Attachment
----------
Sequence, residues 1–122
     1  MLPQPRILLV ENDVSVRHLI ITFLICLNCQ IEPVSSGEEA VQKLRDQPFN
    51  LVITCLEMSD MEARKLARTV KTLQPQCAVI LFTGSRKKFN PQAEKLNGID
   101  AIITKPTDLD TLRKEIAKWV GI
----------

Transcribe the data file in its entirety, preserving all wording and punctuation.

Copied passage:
Sequence, residues 1–122
     1  MLPQPRILLV ENDVSVRHLI ITFLICLNCQ IEPVSSGEEA VQKLRDQPFN
    51  LVITCLEMSD MEARKLARTV KTLQPQCAVI LFTGSRKKFN PQAEKLNGID
   101  AIITKPTDLD TLRKEIAKWV GI